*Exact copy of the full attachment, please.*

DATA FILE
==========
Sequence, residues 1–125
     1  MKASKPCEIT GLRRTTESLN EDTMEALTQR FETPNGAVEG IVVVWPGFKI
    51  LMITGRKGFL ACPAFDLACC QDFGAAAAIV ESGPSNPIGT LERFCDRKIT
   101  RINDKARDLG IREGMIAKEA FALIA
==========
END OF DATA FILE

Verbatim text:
Sequence, residues 1–125
     1  MKASKPCEIT GLRRTTESLN EDTMEALTQR FETPNGAVEG IVVVWPGFKI
    51  LMITGRKGFL ACPAFDLACC QDFGAAAAIV ESGPSNPIGT LERFCDRKIT
   101  RINDKARDLG IREGMIAKEA FALIA